Jackson County taxpayers will get an additional three weeks to file protests asking that the values on their homes and businesses be set at lower levels than they are now on the tax rolls.
Monday was the deadline for submitting appeals to the Board of Equalization. But at the suggestion of county legislators the board agreed to extend the deadline, for the second time this reassessment cycle, to July 29.
And some taxpayers will have even longer than that to get their paperwork in. The board also voted Monday to give even more time to anyone who has a pending informal appeal before the county assessment office. Many of those people are waiting to see what the assessment department decides before lodging a formal appeal with the equalization board.
Some may not get an answer by the new July 29 deadline. But rather than have those people file a duplicate appeal with the Board of Equalization now, the board voted to give anyone in that situation 21 days to appeal past the date of their informal appeal notice, no matter when that is.
It could mean that the board will be receiving appeals past when its members normally would be wrapping up appeals in other reassessment years.
However, 2019 is unlike past reassessments in that many more appeals are rolling in due to steep increases in the market values the assessment department has put on many homes and businesses. About a third of the county’s 300,000 real estate parcels saw increases above 15 percent, with some increasing four-fold.
Because tax levies will likely be rolled back in the fall, it’s too early to know how much people’s property taxes will go up as a result. Nonetheless, many are worried that the increases will tax them out of their homes.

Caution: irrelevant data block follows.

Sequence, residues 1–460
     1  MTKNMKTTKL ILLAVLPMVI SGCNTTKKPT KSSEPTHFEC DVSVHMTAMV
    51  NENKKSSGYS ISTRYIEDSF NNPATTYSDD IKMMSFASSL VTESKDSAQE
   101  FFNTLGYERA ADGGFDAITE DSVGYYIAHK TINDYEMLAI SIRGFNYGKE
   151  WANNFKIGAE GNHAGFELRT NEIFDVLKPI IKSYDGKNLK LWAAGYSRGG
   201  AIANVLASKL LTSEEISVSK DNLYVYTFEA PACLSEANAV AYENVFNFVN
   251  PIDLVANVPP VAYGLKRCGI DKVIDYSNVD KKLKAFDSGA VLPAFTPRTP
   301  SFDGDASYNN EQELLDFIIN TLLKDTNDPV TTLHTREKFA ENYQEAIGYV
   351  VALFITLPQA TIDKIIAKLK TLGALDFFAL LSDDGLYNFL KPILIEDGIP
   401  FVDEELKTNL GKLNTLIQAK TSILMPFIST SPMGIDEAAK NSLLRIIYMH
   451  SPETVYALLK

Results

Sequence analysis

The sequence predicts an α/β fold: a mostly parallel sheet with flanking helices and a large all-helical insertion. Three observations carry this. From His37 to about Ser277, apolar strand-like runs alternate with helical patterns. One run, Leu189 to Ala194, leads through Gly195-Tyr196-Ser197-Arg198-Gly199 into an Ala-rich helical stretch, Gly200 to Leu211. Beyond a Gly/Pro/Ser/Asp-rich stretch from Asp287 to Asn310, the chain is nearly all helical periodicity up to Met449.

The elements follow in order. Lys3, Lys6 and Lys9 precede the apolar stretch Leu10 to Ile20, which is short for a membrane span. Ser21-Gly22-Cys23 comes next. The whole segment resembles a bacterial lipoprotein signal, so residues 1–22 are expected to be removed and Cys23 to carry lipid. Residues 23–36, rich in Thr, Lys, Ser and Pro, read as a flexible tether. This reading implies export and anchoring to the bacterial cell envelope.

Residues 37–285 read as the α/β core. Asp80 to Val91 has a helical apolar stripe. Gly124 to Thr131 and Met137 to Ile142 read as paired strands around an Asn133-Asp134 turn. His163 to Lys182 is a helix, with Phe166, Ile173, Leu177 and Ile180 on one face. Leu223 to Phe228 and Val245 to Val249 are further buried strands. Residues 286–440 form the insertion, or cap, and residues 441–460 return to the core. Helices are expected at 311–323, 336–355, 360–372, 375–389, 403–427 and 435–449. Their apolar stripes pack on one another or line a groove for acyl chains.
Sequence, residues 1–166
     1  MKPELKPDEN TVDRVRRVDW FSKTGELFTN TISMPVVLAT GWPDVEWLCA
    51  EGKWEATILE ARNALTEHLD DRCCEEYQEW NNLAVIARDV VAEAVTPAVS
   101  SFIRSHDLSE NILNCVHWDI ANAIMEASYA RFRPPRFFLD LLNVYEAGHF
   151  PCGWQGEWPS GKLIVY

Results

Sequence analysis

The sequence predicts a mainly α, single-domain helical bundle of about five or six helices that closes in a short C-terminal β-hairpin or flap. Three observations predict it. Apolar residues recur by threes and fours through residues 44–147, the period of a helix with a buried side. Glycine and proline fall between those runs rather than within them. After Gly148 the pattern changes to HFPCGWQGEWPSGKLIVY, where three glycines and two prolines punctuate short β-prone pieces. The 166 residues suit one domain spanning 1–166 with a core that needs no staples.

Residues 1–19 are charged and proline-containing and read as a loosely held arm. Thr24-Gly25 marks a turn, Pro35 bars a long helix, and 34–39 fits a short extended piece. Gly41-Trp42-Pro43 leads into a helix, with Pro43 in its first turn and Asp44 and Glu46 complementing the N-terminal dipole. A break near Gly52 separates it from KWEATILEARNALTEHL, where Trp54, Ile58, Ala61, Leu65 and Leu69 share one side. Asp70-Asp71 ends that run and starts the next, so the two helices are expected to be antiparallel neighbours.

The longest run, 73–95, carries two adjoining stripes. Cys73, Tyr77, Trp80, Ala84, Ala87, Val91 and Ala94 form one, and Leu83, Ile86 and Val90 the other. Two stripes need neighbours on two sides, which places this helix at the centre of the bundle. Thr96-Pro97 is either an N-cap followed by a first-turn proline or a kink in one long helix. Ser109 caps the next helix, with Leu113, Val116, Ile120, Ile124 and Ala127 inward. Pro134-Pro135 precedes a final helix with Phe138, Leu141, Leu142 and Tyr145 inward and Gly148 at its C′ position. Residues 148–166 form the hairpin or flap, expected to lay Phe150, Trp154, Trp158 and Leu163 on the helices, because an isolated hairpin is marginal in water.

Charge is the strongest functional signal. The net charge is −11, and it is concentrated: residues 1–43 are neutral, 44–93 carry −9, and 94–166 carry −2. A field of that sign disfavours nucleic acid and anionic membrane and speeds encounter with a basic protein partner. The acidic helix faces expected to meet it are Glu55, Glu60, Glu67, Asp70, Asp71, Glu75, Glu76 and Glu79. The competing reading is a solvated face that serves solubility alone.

More than 21,000 informal protests were filed in June. As of Saturday, the Board of Equalization had received 2,600 appeals and had more than 4,000 unread emails, which may have included documentation supporting an appeal, board specialist Melinda Taylor said.
The board’s three permanent members are appointed by the county executive, but are independent of county government.
City and school districts also appoint representatives to the board. One of them, Preston Smith, proposed Monday that the board throw out the assessment department’s numbers and cap value increases at 14 percent because he believes the assessment department’s numbers are flawed.
Smith, who represents the Blue Springs school district, said the board has that power to reset values “en masse,” but as his proposal was not on the agenda it was not discussed. Nor might it be in the future. Board chairman Christopher R. Smith did not promise he would put the proposal on the agenda when the the board meets again.
Also Monday, county officials once again offered to provide the board with more staff and money to handle the large number of appeals. Christopher Smith and the other two permanent members, Marilyn Shapiro and Forestine A. Beasley, said they welcomed the help and would submit a detailed request.